By Michael Nadin - Associate Solicitor The Coronavirus Job Retention Scheme (CJRS) was originally due…
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Two recent High Court decisions underline the importance for businesses of reviewing the restrictive covenants in an employee’s contract when they are promoted and making sure the employee signs and returns the new contract.
In the first case, the employee’s original employment contract (entered into in 2000) contained a one month notice period and a 12 month non-compete clause. In 2005 the employee was promoted and his notice period was increased to three months. He was sent a letter confirming the changes and signed an endorsement in the following terms:
“I agree to the variation of my terms with [the company], which are stated in this letter and I acknowledge and agree that all the other terms and conditions outlined in my original documentation remain unchanged.”
In April 2012 the employee gave notice of his resignation, indicating that he would be joining a company that competed in broadly the same market as his employer. His employer wrote to him confirming that they would regard him as being in repudiatory breach of his employment contract if he went to work for the competitor. The company sought an injunction, seeking to enforce the non-compete clause and the employee counterclaimed for wrongful dismissal. The court refused to grant the injunction and allowed the counterclaim, deciding that a 12 month non-compete clause could not be justified in the case of an employee with the status and responsibilities that the employee had at the time it was entered into in 2000.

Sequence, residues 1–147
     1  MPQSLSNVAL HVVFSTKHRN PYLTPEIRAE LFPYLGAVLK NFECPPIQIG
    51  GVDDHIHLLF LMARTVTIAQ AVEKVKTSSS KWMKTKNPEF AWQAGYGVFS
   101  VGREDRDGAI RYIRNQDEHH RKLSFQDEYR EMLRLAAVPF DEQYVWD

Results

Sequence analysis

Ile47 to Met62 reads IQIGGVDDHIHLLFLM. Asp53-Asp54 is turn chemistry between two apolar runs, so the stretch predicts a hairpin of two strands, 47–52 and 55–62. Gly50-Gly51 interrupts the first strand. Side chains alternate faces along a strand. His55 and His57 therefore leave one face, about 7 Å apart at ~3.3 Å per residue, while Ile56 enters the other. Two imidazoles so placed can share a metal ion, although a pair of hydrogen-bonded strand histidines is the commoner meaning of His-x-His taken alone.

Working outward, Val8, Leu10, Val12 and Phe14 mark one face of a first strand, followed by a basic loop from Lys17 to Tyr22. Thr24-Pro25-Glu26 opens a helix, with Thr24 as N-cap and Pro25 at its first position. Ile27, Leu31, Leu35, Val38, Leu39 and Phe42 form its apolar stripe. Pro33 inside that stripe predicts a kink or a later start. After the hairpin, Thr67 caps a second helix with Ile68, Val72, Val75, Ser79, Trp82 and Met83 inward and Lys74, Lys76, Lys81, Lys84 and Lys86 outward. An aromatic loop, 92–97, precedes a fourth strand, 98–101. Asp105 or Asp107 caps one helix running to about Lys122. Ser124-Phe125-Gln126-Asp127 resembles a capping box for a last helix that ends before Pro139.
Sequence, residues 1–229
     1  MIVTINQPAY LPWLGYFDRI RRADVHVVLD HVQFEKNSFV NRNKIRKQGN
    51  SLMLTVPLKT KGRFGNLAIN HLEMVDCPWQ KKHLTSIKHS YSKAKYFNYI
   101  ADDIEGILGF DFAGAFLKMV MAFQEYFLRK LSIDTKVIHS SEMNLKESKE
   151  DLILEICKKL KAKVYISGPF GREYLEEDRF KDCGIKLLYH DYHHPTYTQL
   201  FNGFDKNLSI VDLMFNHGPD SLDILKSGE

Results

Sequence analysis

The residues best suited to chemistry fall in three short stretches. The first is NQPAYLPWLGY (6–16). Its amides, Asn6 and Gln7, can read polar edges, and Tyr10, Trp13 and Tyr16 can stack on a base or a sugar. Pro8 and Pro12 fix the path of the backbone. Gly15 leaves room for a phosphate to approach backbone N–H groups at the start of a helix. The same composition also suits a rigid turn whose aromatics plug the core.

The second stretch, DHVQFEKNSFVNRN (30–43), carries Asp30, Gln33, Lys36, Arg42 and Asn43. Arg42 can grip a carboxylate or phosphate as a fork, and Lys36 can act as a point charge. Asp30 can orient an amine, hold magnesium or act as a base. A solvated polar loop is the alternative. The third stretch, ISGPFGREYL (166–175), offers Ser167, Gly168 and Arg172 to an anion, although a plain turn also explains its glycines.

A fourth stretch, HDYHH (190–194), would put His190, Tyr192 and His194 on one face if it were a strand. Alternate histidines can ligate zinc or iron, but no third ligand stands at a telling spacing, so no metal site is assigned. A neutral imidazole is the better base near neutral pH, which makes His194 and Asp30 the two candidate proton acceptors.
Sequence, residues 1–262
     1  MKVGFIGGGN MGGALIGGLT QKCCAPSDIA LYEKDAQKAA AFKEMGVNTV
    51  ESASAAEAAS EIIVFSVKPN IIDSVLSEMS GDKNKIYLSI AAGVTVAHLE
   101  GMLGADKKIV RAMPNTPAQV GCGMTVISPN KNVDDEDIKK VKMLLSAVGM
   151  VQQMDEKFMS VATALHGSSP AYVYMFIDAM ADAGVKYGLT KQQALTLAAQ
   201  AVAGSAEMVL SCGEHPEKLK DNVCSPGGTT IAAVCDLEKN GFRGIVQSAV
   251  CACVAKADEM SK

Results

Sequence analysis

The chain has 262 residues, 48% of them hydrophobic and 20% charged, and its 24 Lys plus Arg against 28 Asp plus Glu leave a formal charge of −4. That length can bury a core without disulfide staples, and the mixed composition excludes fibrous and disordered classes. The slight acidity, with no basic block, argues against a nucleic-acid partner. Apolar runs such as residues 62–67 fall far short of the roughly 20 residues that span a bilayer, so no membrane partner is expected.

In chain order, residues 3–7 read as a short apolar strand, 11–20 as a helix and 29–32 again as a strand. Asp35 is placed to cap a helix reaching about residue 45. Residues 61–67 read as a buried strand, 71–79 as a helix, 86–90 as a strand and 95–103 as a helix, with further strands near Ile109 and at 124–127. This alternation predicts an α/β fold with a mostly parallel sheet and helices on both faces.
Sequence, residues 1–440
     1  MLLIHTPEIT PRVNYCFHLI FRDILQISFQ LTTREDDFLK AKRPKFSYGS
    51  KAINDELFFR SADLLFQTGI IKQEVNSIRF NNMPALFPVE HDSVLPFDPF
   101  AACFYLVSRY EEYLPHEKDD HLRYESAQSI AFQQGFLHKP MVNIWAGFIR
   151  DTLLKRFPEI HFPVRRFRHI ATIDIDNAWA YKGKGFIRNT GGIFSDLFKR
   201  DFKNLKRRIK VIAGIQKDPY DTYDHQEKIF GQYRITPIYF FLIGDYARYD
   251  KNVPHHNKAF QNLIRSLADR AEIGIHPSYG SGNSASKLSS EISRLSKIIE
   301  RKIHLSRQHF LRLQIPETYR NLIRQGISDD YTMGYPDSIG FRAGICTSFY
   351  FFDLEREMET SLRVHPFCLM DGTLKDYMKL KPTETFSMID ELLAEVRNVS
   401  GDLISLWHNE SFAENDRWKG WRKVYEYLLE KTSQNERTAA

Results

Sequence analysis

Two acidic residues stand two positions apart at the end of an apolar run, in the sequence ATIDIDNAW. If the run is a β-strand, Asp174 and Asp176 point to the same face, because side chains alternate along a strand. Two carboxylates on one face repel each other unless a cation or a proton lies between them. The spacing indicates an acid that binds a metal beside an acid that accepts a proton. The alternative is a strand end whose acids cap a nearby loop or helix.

The decision reaffirms the principle that the reasonableness of a restrictive covenant must be judged at the time it was entered into, not at the time when the employer sought to enforce it. A subsequent change of circumstances, such as a promotion, could not turn an invalid covenant into a valid one. When varying an employee’s contract, particularly if the employee is being promoted, businesses should review any restrictive covenants and decide whether they need to be entered into afresh. Where the original covenant was unenforceable, it will not be possible to make it enforceable simply by asking the employee to acknowledge that “previous terms remain unchanged”. Businesses should instead get the employee to agree to the new contract, or the restrictive covenant in particular, afresh.
In the second case, an employee was given a new contract containing restrictive covenants after he was promoted. However, he did not sign and return the contract, simply filing it away in his desk drawer. When he resigned with the intention of joining a competitor, his employer sought to rely on the restrictive covenants in the unsigned contract. The court held that the employee was bound by the terms of the new contract, including the restrictive covenants, but only because he had applied for private health benefits which he was only entitled to under the new contract. Although the employer won in this case, it highlights the importance of making sure employees sign and return new contracts issued on promotion as if the employee had not applied for the private health benefits, he would not have been deemed to have accepted the new contract and his employer would have had no protection.
Our checklist explains what restrictive covenants are, when they are likely to be enforceable and how they can be used in employment contracts to protect businesses’ interests.